Of the three, diversification benefits proved the most popular as it spreads exposure and lowers risk and few advisers can dedicate the time to constructing portfolios in this way - the survey found 119 of 195 responses (61%) found this an attractive feature. Other areas such as the quality of reporting, consistent low-risk performance, value for money and a reduction in the compliance burden were also seen by the majority of intermediaries as attractive. The only feature deemed "not attractive" was associated life insurance.
Mid and top-level intermediaries were largely unanimous on the positive features of multi-manager. The only discrepancies were that top-end intermediaries liked to access leading fund managers in a single product and mid-level intermediaries felt reducing their compliance burden to be a greater advantage.
The report then examined who are considered the market leaders for both fund of funds and manager of managers. Skandia emerged as the market leader for manager of managers with 27%, followed by Russell (20%), Credit Suisse (10%) and SEI (8%). In fund of funds, 18% rated Credit Suisse most highly, followed by Jupiter (15%), Skandia (13%), Fidelity and New Star (both 10%). In terms of fund of hedge funds, 13% of those asked viewed MAN as the market leader, with Matrix (9%) in second and GAM (6%) in third.
These results show that there is still an educational hurdle to overcome in multi-manager. For example, Credit Suisse does not provide manager of manager funds, Skandia's funds are hybrids rather than fund of funds or manager of manager. Fund providers still have some work to do in explaining the basis of their multi-manager products.
There are still 30% of intermediaries who choose not to use multi-manager at all. The most significant hurdle for providers to overcome is that many advisers believe monitoring and selecting funds is a key part of the service they offer to clients. Many believe that outsourcing some of the investment process constitutes a threat.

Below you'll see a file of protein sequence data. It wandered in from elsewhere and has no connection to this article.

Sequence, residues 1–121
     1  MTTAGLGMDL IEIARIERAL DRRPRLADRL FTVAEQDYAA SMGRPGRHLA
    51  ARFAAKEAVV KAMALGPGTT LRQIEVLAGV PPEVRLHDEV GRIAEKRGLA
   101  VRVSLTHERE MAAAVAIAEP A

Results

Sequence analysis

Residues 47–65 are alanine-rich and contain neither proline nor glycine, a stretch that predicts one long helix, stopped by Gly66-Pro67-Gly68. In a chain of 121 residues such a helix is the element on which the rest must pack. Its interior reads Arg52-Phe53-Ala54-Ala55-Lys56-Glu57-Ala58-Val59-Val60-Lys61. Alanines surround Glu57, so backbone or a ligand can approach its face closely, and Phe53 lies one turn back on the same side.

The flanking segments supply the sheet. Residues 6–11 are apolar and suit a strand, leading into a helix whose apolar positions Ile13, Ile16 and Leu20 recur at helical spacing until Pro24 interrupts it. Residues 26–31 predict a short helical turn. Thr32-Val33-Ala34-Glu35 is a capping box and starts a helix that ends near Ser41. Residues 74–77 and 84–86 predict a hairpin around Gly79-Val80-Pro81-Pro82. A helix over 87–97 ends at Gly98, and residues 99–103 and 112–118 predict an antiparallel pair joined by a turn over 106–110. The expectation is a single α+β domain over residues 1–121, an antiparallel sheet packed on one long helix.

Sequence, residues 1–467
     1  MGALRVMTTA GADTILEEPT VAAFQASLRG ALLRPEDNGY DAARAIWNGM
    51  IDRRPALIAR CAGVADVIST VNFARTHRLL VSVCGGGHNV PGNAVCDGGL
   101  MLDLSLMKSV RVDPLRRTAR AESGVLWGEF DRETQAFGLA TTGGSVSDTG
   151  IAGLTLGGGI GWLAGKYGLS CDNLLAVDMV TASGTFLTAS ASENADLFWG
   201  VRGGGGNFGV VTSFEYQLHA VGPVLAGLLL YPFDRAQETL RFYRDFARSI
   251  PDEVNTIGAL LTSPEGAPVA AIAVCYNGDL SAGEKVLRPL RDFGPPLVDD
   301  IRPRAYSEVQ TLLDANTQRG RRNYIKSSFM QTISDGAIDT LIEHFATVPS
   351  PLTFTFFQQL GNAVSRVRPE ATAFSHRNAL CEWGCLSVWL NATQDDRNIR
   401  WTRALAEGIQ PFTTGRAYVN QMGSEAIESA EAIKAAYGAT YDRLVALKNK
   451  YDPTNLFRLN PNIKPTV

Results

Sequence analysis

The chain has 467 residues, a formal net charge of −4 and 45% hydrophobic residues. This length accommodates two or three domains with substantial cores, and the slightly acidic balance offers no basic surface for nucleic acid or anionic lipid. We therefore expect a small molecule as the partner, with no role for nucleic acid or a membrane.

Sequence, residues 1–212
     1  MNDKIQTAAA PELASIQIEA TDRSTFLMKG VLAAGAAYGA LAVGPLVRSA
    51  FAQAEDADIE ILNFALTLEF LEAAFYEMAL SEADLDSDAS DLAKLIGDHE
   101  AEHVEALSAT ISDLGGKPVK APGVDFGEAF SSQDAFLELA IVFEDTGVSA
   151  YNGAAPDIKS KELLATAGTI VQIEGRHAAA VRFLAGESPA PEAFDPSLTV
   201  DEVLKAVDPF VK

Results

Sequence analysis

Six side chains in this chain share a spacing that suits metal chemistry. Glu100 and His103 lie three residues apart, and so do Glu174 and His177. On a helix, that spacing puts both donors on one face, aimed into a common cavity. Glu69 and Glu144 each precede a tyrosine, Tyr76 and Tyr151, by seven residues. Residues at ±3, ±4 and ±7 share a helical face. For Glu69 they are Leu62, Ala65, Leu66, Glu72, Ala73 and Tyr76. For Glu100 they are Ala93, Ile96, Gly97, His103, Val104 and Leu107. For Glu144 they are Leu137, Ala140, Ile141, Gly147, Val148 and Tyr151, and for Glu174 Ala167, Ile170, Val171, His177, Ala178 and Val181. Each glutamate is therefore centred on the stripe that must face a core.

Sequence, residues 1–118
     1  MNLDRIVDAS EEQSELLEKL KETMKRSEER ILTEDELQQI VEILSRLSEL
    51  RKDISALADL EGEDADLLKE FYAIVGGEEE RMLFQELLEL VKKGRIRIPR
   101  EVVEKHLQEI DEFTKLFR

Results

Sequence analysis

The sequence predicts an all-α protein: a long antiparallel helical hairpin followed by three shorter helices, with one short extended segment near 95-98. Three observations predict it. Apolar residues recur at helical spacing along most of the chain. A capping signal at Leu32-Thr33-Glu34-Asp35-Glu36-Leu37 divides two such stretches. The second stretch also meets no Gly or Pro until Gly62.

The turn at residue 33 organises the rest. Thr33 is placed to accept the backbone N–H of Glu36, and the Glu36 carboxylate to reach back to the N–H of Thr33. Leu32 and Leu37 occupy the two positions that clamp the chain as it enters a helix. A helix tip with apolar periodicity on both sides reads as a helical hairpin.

A contentious issue
Cost also proved a contentious issue. Out of the 84 intermediaries who do not use multi-manager products, three quarters said cost was a significant factor. By comparison, of the 193 intermediaries asked who currently do use multi-manager, 108 felt it was an attractive feature and 51 felt it was a very attractive feature. It can only be a positive sign for the future of multi-manager that those who are actually using the products deem them to provide value for money.
Less than a quarter of respondents (24%) considered performance to be a very significant reason not to invest in multi-manager, a similar proportion (23%) saw multi-manager's consistent low-risk performance as very attractive.
Looking towards the future for the multi-manager market, only 3% of those participating in the survey have re-evaluated their positions and said they are likely to recommend multi-manager in the next six months. A further 15% thought it was "quite" likely that they would recommend multi-manager in the next six months. However, 38% of those not using multi-manager considered it distinctly unlikely that they would change their view in the next six months.
Although not everyone has embraced multi-manager, it seems that those who have do not regret it. The 70% of intermediaries who use multi-manager seem to be content with the costs and what it provides in terms of risk management and diversification. There is still an educational gap among advisers and some remain convinced that their role is to pick funds and construct portfolios. While some advisers have dedicated research groups specifically for this purpose, the majority are unlikely to have the resources available to multi-manager providers. It may be time for advisers to start reconsidering their roles.